The Best Practices for Home Quarantine Patients of COVID-19

Every day increasing Covid-19 cases will mean most patients will not find a hospital bed and will have to quarantine themselves at home. 

Medical experts say, around 80% of COVID-19 cases are mild and don’t require hospital care.

Most people who get infected from Covid-19 will develop only the foremost symptoms like a cough or fever. But they could feel body aches, fatigue, sore throat, and headache.

Few Initial Days

Cough is dry in starting days, but eventually, some people will start coughing up with mucus containing dead lung cells killed by the virus. These symptoms are treated with bed rest, plenty of fluids, and pain relief like paracetamol.

In the current situation of ever-increasing corona cases, most of the infected people, those who do not require immediate medical attention, would have to recover at home.

But it does not mean just confined within your home all the time and waiting for the quarantine period to get over. Some good practices followed during home quarantine can accelerate the recovery process, and also protecting other people in the family. Even simple things like the right diet, adequate sleep and hydration, and maintaining a positive attitude can fasten the recovery process along with maintains mental peace. 

Chronic Health Problems 

Vulnerable individuals, like those over 55 years of age, or those with pre-existing problems like hypertension, obesity, diabetes, chronic obstructive pulmonary disease (COPD), kidney or liver disease, or those consuming immunosuppressants or steroids, of course, need to be treated with special care, in regular consultation with doctors. Constant monitoring of oxygen saturation levels in these patients is very important. In fact, oxygen saturation monitoring must be a regular practice in the case of other patients also.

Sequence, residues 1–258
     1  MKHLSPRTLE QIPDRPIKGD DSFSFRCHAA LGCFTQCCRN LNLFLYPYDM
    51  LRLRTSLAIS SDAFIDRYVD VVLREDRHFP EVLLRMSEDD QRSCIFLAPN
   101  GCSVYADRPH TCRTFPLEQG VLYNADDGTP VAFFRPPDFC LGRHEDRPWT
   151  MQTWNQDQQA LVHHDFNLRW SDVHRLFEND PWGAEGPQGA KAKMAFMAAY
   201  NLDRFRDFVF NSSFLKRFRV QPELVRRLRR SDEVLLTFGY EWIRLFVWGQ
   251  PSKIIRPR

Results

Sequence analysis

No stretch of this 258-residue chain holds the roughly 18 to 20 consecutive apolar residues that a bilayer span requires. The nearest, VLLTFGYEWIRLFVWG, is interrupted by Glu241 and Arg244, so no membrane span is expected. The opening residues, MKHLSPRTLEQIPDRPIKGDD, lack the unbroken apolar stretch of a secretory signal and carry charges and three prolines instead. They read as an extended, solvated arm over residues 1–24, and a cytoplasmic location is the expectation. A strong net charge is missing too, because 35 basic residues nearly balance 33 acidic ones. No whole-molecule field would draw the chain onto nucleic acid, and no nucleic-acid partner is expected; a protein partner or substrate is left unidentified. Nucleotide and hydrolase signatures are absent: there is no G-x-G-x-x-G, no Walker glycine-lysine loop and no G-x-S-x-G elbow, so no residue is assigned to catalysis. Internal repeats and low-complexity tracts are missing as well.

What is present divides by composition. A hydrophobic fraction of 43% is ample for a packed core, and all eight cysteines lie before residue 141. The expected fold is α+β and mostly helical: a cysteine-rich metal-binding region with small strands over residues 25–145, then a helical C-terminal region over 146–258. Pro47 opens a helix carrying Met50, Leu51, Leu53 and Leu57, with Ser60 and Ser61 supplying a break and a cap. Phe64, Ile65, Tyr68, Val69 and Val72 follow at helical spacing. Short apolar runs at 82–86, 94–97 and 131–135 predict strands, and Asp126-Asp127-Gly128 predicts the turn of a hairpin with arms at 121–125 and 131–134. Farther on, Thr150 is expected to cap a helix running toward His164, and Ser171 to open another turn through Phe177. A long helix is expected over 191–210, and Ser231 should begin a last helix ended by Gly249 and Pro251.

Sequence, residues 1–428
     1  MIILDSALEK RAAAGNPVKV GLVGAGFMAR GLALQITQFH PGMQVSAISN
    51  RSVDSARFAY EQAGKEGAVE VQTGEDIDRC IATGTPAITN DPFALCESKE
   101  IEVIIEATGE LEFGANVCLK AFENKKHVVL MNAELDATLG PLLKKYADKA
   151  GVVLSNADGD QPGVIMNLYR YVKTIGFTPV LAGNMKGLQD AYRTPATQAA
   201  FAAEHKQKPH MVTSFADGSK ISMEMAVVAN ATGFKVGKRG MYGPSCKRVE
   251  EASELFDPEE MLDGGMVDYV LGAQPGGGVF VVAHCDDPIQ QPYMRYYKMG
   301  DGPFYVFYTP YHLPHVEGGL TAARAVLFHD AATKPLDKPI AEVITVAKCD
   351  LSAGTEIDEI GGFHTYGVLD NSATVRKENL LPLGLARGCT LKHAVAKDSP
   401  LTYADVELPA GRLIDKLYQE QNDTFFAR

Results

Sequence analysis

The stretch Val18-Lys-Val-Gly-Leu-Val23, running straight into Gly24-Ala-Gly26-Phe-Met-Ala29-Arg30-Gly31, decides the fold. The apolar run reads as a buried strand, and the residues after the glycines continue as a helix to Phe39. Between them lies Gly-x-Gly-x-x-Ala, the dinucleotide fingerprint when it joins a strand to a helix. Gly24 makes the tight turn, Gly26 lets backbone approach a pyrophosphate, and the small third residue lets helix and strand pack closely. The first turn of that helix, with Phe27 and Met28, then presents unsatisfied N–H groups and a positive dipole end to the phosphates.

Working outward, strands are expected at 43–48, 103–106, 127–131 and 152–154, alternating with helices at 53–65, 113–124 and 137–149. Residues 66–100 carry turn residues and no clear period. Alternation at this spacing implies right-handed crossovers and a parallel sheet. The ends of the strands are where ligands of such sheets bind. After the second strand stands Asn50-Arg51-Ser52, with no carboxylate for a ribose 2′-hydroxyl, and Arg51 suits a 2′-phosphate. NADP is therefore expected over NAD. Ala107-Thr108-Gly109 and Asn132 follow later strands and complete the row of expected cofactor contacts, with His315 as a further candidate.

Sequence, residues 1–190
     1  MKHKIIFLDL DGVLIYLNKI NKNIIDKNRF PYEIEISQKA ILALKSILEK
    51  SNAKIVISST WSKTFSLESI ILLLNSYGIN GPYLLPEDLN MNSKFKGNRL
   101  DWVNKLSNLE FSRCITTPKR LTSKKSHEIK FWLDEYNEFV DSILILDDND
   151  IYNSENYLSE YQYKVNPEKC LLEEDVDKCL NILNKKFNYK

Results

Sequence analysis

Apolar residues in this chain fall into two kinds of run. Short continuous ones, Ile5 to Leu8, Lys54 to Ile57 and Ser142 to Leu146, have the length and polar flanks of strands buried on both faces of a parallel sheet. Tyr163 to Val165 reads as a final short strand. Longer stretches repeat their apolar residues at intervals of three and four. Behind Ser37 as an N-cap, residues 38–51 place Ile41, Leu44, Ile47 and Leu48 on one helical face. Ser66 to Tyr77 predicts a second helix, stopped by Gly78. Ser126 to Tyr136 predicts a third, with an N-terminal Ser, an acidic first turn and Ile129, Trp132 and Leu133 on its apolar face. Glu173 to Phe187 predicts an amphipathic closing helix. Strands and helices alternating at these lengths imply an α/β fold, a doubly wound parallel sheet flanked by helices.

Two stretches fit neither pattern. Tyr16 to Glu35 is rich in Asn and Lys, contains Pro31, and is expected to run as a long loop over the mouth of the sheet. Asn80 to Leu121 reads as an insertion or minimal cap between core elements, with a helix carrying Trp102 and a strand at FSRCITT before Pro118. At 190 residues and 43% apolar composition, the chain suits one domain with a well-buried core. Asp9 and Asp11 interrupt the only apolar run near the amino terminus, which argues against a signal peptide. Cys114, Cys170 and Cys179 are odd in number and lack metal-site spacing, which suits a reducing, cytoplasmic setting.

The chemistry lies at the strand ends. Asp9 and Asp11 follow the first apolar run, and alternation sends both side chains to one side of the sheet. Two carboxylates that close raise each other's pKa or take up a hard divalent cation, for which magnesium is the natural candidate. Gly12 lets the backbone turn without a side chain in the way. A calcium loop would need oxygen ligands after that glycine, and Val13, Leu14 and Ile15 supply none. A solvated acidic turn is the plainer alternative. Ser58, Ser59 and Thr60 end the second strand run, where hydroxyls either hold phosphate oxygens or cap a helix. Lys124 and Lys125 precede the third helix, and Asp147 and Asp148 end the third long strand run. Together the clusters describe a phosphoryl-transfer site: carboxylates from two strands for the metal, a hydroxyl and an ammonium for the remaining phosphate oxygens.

Home quarantine people should keep a pulse oximeter at home and regularly check the oxygen saturation levels. If it dips below 92 percent and the patient complains of breathing difficulty, a red alert needs to be sounded and medical advice sought.

  • Food and health practices that boost immunity are helpful. 
  • Sleeping in a prone position, with face and chest down, helps the patient.
  •  During the rainy season, patients are advised to avoid fast food and ice-cream, as these can lead to sore throats.
  •  Alcohol consumption also needs to be restrained. In large quantities, this can lower down the immunity. 
  • Yoga and simple exercises can be effective.

Always keep in mind that even the asymptomatic patients are equally capable of spreading the virus, and therefore family members and caregivers at home need to rigorously follow social distancing norms and other precautionary measures. It is advisable that patients are not served food in the same utensils that are used by other family members. Preferably, disposable utensils should be used to serve food to the patient.

Final Words Until the medical fraternity is not able to find a cure or vaccine to keep it at bay, we need to effectively manage with the current situation. It is important not to panic or get worked up. In maximum cases, all that the patient would need to deal with self-isolation and quarantine, and a little bit of sickness. But healthy mental and emotional well being can also help in a better and quicker recovery. Hence, fear needs to be discarded. 

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